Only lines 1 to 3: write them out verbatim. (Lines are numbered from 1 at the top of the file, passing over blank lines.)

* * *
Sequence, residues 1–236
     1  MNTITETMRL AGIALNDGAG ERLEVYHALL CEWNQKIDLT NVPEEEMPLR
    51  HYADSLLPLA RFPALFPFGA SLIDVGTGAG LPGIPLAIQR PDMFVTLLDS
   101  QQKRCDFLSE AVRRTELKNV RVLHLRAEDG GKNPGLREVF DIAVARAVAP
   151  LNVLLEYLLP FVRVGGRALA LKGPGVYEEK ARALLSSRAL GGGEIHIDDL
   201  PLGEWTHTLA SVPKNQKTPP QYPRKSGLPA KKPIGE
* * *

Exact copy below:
Sequence, residues 1–236
     1  MNTITETMRL AGIALNDGAG ERLEVYHALL CEWNQKIDLT NVPEEEMPLR
    51  HYADSLLPLA RFPALFPFGA SLIDVGTGAG LPGIPLAIQR PDMFVTLLDS